Now comes the hard part.
It’s writing time. I took a break for a few days, and I’m finding it hard to get started today.
I don’t think of myself as a natural procrastinator, but some days I just don’t feel like it. The pencils feel like they weigh 50,000 pounds.
Also, with my kids home from school all summer, it is easy to use that as my excuse not to write. They do keep things busy around here.
It is OK to take off on occasion.
It is like working out. An athlete needs to rest in between significant workout sessions. A writer needs to recharge the vocabulary/creativity batteries.
When I was working on my dissertation, I took off three months before I wrote the final draft. All of the research was done, but I was sick and tired of thinking about my topic days on end. I wasn’t getting anywhere anymore, the words weren’t coming, and (worse), I was resenting the research.
A break is good, and I get why you take a break. But stepping back scares the hell out of me. Here’s why.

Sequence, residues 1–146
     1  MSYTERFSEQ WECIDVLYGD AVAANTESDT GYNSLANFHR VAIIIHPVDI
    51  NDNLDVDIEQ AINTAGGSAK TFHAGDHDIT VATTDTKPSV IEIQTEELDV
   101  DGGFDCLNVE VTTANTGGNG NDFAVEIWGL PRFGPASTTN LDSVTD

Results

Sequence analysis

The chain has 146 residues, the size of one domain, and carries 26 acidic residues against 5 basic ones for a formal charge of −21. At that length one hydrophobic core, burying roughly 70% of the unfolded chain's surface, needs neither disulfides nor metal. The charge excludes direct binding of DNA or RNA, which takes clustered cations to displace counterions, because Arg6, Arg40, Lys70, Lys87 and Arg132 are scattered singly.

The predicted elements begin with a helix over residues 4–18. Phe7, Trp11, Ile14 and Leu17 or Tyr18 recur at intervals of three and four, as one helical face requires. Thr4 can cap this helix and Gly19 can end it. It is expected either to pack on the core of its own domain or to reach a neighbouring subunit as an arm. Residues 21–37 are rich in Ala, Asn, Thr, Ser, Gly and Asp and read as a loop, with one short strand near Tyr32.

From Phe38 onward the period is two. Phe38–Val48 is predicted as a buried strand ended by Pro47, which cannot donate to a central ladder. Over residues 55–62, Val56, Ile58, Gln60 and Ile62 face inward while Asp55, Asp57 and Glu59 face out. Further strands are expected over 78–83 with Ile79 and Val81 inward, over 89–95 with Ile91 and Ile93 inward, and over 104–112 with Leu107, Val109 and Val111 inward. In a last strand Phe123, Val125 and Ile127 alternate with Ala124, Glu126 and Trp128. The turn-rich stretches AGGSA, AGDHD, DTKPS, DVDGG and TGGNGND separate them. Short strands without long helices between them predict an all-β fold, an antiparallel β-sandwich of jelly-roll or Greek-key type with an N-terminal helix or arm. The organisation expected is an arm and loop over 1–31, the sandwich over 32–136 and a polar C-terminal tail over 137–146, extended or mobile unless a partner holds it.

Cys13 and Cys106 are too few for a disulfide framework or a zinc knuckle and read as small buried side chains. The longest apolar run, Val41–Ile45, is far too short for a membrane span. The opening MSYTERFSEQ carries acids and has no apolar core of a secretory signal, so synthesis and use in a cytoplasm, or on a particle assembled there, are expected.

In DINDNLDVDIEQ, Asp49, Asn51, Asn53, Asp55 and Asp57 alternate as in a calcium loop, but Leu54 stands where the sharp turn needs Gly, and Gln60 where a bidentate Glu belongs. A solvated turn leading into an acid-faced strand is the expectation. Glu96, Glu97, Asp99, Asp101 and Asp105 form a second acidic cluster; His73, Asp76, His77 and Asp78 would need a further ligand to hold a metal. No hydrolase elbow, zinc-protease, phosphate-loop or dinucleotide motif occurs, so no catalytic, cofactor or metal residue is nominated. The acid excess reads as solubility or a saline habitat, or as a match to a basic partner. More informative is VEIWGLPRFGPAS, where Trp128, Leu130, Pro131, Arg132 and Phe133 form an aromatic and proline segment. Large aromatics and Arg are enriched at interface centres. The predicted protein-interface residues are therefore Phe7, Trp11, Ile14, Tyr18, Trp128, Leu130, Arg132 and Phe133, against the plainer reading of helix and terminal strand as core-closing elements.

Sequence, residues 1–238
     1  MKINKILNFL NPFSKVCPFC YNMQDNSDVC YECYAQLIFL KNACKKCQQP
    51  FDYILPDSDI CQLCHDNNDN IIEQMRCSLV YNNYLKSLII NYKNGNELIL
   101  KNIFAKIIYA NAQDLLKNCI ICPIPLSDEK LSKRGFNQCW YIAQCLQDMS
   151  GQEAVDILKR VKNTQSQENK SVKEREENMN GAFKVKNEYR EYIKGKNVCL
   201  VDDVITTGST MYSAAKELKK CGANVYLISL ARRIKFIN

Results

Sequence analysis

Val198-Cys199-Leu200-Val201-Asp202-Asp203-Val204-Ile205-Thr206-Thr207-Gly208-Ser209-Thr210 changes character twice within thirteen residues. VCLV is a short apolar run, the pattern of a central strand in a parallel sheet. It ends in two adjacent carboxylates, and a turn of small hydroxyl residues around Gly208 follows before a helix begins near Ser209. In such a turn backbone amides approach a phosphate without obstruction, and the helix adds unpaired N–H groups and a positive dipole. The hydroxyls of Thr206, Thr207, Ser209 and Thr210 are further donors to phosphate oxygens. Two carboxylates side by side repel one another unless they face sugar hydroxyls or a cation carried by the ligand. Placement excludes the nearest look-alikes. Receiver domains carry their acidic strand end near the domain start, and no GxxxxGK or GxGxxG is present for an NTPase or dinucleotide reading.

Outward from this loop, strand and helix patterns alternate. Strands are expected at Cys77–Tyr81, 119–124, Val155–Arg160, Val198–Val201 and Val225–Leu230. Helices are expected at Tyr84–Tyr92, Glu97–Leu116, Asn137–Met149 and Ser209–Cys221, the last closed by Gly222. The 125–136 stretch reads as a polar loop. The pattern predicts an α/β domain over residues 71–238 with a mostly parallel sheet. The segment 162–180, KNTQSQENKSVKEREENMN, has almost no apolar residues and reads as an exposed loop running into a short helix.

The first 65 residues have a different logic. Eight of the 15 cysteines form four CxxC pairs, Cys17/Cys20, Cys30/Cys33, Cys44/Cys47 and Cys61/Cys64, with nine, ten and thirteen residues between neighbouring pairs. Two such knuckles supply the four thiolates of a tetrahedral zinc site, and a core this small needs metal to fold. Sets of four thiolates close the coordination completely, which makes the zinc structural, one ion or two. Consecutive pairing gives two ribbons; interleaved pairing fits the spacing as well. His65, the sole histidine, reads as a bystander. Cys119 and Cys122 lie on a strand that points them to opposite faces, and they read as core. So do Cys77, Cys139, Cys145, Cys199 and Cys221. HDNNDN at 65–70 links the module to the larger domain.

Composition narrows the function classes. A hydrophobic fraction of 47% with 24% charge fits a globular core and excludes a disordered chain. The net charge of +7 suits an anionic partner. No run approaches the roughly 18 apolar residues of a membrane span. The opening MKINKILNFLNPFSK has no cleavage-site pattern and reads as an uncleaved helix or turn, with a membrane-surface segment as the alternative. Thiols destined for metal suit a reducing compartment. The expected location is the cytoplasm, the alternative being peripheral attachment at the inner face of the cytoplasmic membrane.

I had two friends going through the same PhD program with me who became tired of their research, and so put it down for a few months … never to pick it up again. Basically, they procrastinated their way out of the degree. You have a time limit to earn a Ph.D. at most universities. At my institution, the limit is eight years from the moment you start the coursework.
So, that’s the fear I have about stepping away from Emmett’s book for longer than a few weeks. When I start to feel resentful towards the work, I’ve gotten to where I step away for a day or so. (Resentment is also one of my drinking triggers; I make a point to get to a few extra meetings when I feel the resentment creep coming over me.)
Talking about it to trusted colleagues helps keep you on a schedule; talking about it to you all via the blog keeps me on track, believe it or not.
Almost like what you get at an AA meeting.
And…I keep coming back.
Communication, Arts, and the Humanities
The University of Maryland Global Campus